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World Immunisation Week

Vaccines are the most effective way to prevent many infectious diseases.

A woman receiving a vaccination against disease

About World Immunisation Week

World Immunisation Week (24th-30th April) is an annual global campaign organised by the World Health Organisation (WHO) which highlights the indispensable role vaccines have in safeguarding human health and wellbeing worldwide. The World Health Organisation aims to ensure vaccines are high on the priority list for governments in all countries and it promotes research and innovation which advances access to the vaccines. The main theme this year is the 50th anniversary of the Expanded Programme on Immunisation (EPI), shining a spotlight on the commitment of the global community to strengthen immunisation efforts in order to protect people from vaccine-preventable diseases.

How Vaccines work and Why are they so important?

Vaccines protect against many different diseases, such as hepatitis B, influenza, measles, mumps, rubella, tetanus, diphtheria or pneumonia. They reduce risks of getting a disease by working with the body’s natural defences to build protection. Vaccines train the immune system to create antibodies, just as it does when it’s exposed to a disease. However, because vaccines contain only killed or weakened forms of viruses or bacteria, they do not cause the disease or put a person at risk of its complications. It's much safer for the immune system to build protection through vaccination than by catching the diseases and treating them. Once the immune system knows how to fight a disease, it can often give a life long protection.

The primary aim of vaccination is to protect the individual who receives the vaccine, however vaccinated individuals are also less likely to be a source of infection to others. This reduces the risk of unvaccinated individuals being exposed to infection. If enough people are vaccinated, it's harder for the disease to spread to those people who cannot have vaccines, for example those who have a weakened immune system. This concept is called "herd immunity".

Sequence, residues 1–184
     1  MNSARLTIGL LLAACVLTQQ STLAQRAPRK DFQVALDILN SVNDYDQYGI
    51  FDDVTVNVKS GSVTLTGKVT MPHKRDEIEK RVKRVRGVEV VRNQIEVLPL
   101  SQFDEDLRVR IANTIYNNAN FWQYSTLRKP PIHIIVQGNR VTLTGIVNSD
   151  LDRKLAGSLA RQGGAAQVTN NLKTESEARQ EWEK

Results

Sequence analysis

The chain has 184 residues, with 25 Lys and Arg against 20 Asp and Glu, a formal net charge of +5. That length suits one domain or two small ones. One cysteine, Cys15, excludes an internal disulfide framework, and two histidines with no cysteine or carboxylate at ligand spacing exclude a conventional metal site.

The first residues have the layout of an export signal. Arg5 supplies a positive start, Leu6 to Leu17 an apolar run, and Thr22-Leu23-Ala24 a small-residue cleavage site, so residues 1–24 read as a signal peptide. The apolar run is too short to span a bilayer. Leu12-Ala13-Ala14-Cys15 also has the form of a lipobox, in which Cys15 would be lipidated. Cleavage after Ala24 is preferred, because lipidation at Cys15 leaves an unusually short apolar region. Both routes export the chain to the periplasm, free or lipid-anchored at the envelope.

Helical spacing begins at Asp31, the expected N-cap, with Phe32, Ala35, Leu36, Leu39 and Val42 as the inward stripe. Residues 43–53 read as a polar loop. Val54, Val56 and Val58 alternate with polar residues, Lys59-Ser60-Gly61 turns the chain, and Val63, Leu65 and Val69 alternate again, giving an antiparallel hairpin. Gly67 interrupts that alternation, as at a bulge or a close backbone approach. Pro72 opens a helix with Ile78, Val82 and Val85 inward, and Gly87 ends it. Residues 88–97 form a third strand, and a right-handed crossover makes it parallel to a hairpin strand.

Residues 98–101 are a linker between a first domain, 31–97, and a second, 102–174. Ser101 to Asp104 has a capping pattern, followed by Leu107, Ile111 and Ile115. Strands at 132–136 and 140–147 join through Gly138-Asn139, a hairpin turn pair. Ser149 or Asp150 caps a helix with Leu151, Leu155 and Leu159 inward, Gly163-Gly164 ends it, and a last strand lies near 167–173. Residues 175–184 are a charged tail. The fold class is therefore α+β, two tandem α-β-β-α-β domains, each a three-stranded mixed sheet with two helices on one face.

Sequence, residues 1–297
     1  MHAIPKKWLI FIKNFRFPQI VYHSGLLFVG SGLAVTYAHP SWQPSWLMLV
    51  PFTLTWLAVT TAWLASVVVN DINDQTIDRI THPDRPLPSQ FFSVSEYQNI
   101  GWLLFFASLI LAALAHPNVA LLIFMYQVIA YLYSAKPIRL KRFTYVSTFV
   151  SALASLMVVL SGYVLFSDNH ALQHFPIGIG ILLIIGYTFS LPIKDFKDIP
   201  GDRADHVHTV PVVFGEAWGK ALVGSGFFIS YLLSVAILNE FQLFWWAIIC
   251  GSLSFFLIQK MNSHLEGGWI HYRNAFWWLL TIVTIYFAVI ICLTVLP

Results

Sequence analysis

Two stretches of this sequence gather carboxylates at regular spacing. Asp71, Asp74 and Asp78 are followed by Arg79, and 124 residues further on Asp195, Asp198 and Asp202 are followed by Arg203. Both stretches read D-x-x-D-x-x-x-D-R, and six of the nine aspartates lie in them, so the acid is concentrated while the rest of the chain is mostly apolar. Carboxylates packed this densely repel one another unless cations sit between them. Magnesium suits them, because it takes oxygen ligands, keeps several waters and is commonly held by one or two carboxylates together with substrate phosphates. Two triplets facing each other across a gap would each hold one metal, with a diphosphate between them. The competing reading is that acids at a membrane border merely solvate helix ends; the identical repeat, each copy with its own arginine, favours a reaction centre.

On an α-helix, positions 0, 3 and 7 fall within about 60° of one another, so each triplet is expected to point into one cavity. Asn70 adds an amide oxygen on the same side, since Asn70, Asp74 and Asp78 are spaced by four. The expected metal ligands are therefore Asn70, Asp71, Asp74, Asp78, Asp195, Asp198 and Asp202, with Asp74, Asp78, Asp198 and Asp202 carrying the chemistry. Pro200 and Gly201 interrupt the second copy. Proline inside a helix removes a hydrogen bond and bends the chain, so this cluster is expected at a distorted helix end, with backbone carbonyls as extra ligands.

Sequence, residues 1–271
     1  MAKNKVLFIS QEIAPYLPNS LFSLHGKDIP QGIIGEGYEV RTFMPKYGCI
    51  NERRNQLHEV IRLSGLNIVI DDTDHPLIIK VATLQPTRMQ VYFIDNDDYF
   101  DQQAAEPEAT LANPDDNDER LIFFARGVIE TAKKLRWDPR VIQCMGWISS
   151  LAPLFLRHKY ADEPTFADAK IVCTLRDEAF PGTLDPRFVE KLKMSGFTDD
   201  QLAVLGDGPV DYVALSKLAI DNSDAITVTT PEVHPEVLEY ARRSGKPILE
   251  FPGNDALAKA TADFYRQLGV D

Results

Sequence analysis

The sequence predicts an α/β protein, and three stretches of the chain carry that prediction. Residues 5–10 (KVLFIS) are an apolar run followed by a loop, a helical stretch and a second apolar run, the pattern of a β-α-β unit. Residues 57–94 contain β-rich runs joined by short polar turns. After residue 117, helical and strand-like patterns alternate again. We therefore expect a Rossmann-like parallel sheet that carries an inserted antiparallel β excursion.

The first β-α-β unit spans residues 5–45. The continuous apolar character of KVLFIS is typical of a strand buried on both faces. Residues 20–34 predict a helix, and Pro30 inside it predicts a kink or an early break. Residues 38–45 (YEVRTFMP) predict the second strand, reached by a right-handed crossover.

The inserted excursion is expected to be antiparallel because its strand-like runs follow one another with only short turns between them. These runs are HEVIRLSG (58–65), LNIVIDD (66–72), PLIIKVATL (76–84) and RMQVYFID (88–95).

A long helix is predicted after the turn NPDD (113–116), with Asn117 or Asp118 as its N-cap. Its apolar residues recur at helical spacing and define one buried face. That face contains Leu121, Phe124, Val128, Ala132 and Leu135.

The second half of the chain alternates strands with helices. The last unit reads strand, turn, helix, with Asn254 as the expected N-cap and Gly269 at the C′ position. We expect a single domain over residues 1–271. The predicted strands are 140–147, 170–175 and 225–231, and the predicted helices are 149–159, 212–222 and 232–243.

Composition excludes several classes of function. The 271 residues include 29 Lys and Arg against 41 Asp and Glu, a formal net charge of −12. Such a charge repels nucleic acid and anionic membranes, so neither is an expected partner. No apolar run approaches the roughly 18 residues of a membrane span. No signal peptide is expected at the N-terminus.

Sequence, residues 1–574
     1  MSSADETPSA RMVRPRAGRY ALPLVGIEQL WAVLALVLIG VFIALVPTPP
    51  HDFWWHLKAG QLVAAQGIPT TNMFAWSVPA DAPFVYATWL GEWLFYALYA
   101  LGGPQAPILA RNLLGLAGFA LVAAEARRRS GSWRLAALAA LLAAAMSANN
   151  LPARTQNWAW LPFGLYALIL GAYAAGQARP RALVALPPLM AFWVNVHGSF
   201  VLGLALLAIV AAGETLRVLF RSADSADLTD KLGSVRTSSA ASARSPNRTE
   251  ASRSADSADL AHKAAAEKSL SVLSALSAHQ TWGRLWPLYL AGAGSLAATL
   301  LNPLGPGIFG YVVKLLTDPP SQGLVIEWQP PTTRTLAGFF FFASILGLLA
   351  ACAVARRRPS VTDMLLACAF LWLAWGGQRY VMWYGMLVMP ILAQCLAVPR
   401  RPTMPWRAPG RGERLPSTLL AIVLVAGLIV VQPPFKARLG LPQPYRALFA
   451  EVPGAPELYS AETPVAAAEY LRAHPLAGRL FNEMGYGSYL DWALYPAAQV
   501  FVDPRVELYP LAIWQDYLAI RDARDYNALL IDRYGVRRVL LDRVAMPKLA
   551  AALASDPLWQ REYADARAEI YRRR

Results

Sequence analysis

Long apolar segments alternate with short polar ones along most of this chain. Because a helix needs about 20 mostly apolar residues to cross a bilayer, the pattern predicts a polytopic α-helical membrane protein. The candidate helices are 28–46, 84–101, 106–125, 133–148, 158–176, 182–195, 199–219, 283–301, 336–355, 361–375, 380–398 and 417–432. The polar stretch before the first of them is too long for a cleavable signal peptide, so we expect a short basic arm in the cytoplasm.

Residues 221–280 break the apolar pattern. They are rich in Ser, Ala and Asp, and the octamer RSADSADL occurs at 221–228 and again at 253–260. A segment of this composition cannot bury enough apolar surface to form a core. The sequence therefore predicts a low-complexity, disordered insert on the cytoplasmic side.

"Immunisation is a key component of primary health care and an indisputable human right. It’s also one of the best health investments money can buy. Vaccines are also critical to the prevention and control of infectious disease outbreaks. They underpin global health security and will be a vital tool in the battle against antimicrobial resistance."

Vaccinations can protect from infectious diseases

Employee Immunisations in the workplace

The Control of Substances Hazardous to Health (COSHH) Regulations 2002 require employers to assess the risks from exposure to hazardous substances, including biological agents, and to bring into effect the measures necessary to protect employees from those risks as far as is reasonably practicable. Under COSHH requirements, if a risk assessment shows that there is a risk of exposure to biological agents, and effective vaccines exist, then provision should be made to establish whether an employee is already immunised, and immunisation should be offered to those who haven't had the vaccine. Employers need to be able to demonstrate that an effective occupational immunisation programme is in place, and they have an obligation to arrange and pay for this service. Along with control measures put in place, immunisations need to be checked and reviewed and boosters provided where deemed necessary.

Potential exposure to biological agents, and therefore the type of immunisation required, may vary from workplace to workplace. Occupations that are at a higher risk from blood borne viruses include:

  • a range of healthcare staff such as nurses, physicians and emergency service staff

  • biomedical laboratory staff

  • care home staff

  • prison staff

  • police, fire, and rescue services staff

  • waste disposal workers

  • tattooing and body piercing workers

The HSE provides guidance on how to comply with the law, assess and reduce the risks of workplace exposure to blood-borne viruses, and how to manage incidences of exposure.

A man working in the lab handling blood sample being at risk of Hepatitis B

Tailored immunisation programmes can bring many benefits to the business:

  • Compliance with current legislation and guidance

  • Enhanced safety measures

  • Reduced risk and cost of sickness absence

  • Healthier workforce

  • Improved employee engagement